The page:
Distributed Architecture

HVR Runs in a Scalable Distributed Architecture

How it Works

Log-based Change Data Capture (CDC) takes place on or as close to the source server as possible. This is where relevant transaction data is extracted and compressed. The data is then sent across the wire to the central hub, the distributor. The hub guarantees recoverability and as needed queues the compressed transactions.

Separately from the capture, an integrate process picks up compressed changes for its destination that are sent to the target where they are unpacked and applied using the most efficient method for the target.

On-Premise to Cloud Example using Oracle, SQL Server and Data Lake in Amazon RedShift

For example, an organization using on-premise Oracle and SQL Server databases as sources and a Data Lake in Amazon Redshift will be able to scale to many sources with capture running on the individual database servers. These servers send compressed (and encrypted) changes into the AWS cloud to be applied to Redshift. The changes into Redshift go through S3 and copy into Redshift tables, followed by set-based SQL statements on the target tables, so that on aggregate the analytical database can still keep up with the transaction load from multiple sources.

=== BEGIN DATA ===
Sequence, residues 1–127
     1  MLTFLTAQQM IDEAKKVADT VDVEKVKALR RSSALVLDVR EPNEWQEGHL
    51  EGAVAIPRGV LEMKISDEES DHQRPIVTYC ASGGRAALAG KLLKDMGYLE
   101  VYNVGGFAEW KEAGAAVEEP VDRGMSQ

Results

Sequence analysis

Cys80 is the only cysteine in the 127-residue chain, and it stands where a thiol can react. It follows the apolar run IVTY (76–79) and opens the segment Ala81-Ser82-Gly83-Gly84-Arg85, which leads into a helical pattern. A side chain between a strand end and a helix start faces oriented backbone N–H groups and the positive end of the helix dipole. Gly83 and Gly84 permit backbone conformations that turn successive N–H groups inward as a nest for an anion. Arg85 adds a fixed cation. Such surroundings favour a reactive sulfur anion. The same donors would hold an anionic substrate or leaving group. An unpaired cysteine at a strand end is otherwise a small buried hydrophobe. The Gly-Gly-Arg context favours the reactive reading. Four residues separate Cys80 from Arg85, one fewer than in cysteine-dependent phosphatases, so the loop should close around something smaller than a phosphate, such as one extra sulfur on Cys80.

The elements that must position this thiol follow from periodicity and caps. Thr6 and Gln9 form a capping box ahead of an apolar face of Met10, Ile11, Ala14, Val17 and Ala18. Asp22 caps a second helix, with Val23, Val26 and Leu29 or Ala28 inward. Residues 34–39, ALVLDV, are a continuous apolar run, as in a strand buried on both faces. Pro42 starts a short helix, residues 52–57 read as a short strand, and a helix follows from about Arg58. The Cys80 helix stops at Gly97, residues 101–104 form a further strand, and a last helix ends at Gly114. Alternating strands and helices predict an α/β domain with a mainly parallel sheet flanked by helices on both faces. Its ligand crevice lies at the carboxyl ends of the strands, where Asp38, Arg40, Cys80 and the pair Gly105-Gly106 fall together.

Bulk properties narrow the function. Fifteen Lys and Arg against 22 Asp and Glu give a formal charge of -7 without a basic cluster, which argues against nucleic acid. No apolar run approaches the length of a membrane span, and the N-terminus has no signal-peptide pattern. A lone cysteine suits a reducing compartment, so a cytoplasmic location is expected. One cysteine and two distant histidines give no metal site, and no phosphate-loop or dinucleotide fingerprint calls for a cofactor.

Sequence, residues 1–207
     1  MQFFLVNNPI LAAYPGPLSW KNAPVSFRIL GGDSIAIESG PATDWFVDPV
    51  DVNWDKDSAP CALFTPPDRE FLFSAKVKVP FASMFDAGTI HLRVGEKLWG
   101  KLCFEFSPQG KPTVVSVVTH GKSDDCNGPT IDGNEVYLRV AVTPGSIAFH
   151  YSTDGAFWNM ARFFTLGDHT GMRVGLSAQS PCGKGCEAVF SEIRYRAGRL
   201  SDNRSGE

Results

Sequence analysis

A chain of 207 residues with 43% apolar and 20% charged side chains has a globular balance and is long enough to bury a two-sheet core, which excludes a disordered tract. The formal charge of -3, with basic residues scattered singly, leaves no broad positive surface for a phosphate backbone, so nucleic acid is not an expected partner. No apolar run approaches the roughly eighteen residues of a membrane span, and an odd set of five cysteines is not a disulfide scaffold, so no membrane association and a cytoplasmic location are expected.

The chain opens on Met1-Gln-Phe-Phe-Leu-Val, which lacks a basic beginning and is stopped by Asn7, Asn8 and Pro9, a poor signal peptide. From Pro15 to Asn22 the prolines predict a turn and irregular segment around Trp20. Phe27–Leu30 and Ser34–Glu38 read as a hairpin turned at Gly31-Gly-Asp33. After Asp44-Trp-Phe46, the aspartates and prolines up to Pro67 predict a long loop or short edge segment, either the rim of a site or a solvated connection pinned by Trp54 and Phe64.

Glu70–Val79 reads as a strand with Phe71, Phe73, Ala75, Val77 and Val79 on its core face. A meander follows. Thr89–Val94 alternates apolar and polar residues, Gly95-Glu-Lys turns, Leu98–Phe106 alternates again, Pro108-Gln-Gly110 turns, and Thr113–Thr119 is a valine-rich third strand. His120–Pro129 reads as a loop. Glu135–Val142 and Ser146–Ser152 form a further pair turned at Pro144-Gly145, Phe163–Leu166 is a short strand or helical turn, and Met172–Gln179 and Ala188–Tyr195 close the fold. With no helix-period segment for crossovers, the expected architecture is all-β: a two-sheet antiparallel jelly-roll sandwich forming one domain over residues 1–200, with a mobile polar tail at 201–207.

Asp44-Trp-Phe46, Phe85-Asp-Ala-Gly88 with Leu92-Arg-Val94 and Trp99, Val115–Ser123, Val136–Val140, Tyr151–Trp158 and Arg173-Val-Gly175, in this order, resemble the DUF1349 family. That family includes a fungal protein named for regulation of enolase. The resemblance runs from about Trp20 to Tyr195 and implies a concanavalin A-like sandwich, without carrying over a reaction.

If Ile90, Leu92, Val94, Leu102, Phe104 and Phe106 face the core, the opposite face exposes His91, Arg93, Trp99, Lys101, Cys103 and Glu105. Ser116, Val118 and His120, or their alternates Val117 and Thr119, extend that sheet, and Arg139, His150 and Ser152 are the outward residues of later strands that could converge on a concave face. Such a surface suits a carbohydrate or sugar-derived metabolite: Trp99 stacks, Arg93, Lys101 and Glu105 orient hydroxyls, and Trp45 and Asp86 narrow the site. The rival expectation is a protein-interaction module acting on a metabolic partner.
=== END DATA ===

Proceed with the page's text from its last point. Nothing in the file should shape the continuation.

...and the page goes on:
Distributed Architecture for On-Premise to Cloud Data Integration Scenario

Diagram_distributed_architecture_agents

Data Integration Architecture: Understanding Agents

The question of whether or not to use an agent when performing data integration, especially around use cases with log-based Change Data Capture (CDC) and continuous, near real-time delivery, is common.

In this video, HVR’s CTO, Mark Van de Wiel goes into detail about:

  • The pros and cons of using an agentless setup, versus an agent setup
  • When to consider one over the other
  • Two common distributed architectures using an agent setup


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